• In respect of the transfer of ownership over the first building, transfer duty was levied on an amount effectively corresponding to the building’s cost price. In respect of the second building, the act of transfer states that the grant of the first right over the apartments results in transfer tax on an amount effectively corresponding to the entire cost price of that building.
  • The Foundation then granted the use of part of the buildings at issue without consideration to three institutions providing special primary education. Leases over the other parts were granted for consideration to various tenants. The grant of those leases for consideration is exempt from VAT, except for the lease of the sports facilities.
  • The Inspector took the view that the Municipality of Woerden had not supplied the two buildings at issue within the meaning of Article 3(1)(a) of the Law on turnover tax, but had leased them to the Foundation on a VAT-exempt basis. According to the Inspector, the Municipality of Woerden was therefore liable to pay VAT on the basis of Article 3(3)(b) of that law. The Inspector claimed the VAT by a notice of additional assessment.
  • On 25 April 2013, ruling on the appeal brought by the Municipality of Woerden and on the cross-appeal of the Inspector, the Gerechtshof te Amsterdam (Regional Court of Appeal, Amsterdam, Netherlands) held that there had actually been a supply within the meaning of Article 3(1)(a) of the Law on turnover tax.
  • The Gerechtshof te Amsterdam (Regional Court of Appeal, Amsterdam) nevertheless held that the sale price invoiced by the Municipality of Woerden related solely to the parts of the buildings at issue that the Foundation attributed to the taxable leases. It therefore concluded that the Municipality of Woerden had acted as an entrepreneur within the meaning of the Law on turnover tax solely in respect of those parts and, accordingly, that it was entitled to deduct only the VAT charged at the time of the supply of the buildings, namely approximately 10%.
  • The Municipality of Woerden brought an appeal on a point of law against the judgment of the Gerechtshof te Amsterdam (Regional Court of Appeal, Amsterdam). The Secretary of State for Finance also brought a conditional cross-appeal on a point of law.
  • In its appraisal of the case, the referring court rejects the assessment of the Gerechtshof te Amsterdam (Court of Appeal, Amsterdam) according to which the Municipality of Woerden supplied certain parts of the buildings at issue as an entrepreneur and did not supply other parts in that capacity.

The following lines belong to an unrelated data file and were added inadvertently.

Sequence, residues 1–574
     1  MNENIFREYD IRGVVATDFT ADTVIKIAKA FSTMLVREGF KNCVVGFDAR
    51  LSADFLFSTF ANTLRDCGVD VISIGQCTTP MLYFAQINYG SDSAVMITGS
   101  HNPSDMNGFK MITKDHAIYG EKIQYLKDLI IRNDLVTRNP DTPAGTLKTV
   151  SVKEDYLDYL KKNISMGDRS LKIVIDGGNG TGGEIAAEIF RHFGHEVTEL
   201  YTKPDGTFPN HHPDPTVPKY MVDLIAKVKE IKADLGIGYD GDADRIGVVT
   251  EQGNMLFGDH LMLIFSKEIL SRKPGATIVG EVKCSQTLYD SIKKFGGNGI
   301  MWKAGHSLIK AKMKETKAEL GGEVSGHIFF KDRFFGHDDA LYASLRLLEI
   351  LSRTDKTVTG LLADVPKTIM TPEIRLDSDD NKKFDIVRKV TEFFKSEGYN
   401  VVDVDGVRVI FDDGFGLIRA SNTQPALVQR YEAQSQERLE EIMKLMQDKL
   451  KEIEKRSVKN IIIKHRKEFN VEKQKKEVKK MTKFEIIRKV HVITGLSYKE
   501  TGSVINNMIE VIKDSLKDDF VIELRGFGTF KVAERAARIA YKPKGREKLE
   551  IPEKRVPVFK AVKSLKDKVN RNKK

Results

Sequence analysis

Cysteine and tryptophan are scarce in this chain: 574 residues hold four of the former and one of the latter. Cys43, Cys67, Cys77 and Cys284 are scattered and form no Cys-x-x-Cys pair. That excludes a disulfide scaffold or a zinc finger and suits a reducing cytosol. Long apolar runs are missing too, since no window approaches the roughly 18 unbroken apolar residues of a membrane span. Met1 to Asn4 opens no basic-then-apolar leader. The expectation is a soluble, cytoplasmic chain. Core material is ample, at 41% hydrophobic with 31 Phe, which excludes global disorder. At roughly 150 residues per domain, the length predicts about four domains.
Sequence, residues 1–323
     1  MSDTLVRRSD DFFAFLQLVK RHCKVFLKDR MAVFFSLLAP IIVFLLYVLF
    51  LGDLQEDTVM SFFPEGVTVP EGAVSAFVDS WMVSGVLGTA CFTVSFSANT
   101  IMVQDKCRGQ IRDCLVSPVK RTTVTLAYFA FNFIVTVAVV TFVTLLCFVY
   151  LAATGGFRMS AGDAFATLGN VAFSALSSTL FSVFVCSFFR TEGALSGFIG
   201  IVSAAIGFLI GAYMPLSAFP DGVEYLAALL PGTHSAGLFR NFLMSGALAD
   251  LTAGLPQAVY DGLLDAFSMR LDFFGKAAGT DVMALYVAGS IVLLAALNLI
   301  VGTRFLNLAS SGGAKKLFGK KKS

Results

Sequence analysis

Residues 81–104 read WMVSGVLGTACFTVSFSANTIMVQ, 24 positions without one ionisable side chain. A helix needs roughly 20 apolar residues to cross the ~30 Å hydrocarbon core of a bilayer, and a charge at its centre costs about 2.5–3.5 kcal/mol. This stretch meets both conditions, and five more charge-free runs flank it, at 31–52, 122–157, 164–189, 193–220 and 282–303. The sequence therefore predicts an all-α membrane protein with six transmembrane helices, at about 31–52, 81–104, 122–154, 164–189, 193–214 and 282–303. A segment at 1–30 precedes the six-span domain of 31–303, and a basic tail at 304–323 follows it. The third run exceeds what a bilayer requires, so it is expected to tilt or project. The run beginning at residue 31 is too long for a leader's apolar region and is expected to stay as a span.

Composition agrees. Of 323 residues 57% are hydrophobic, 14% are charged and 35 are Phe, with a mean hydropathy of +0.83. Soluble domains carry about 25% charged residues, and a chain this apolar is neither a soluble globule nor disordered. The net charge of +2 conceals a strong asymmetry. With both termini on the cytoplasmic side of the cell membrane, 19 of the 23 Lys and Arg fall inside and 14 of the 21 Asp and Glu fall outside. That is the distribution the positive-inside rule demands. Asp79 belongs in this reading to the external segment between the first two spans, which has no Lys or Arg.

• The referring court considers that the sale price of the buildings at issue was directly related to their supply and that the Municipality of Woerden thus made those supplies for consideration and therefore as an economic activity.
  • Furthermore, the referring court rejects the ground of appeal brought by the Secretary of State for Finance that the Municipality of Woerden did not act as an entrepreneur within the meaning of the Law on turnover tax at the time of the supply of the buildings at issue, but acted as a public authority.
  • The referring court also considered whether there has been abuse of rights. However, since the management of and responsibility for the buildings was vested in the Foundation, the referring court excluded the existence, in the present case, of abuse of rights.
  • The referring court nevertheless considered, of its own motion, whether, on the basis of the VAT Directive, the Municipality of Woerden is entitled to deduct a fraction only of the VAT charged at the time of the supply of those buildings given that, on the basis of the Law on primary education of 2 July 1981, in the version applicable to the facts at issue in the main proceedings, it is not to pass on the charges relating to accommodation for schools to educational institutions and that the Foundation granted the use of parts of the buildings at issue without consideration to educational institutions providing special primary education.

Questions

In a case such as the present, in which a taxable person has had a building constructed and has sold that building for a price which does not cover all of the costs, while the purchaser of the building has given a certain part thereof to a third party for the latter’s use free of charge, is that taxable person entitled to deduct all of the VAT invoiced in respect of the construction of the building, or only a part thereof, in proportion to the parts of the building which the purchaser uses for economic activities (in the present case, the grant of a lease for consideration)?


AG Opinion

None


Decision

Council Directive 2006/112/EC of 28 November 2006 on the common system of value added tax must be interpreted as meaning that, in circumstances such as those at issue in the main proceedings, in which a taxable person has had a building constructed and has sold that building for a price less than the cost of constructing it, that taxable person is entitled to deduct all of the value added tax paid in respect of the construction of that building, and not only a part of that tax in proportion to the parts of the building which its purchaser uses for economic activities. The fact that that purchaser allows the building at issue to be used without charge is of no importance in that regard.


Summary

If a taxable person has had a building built and sold it at a price below construction costs, he is entitled to a full deduction of the VAT paid for the construction of that building, and not just a partial deduction of that VAT in proportion to the parts of that building that the acquirer uses for economic activities. The fact that the acquirer gives a part of the building in question to a third party to use it free of charge is immaterial in that regard.


Source: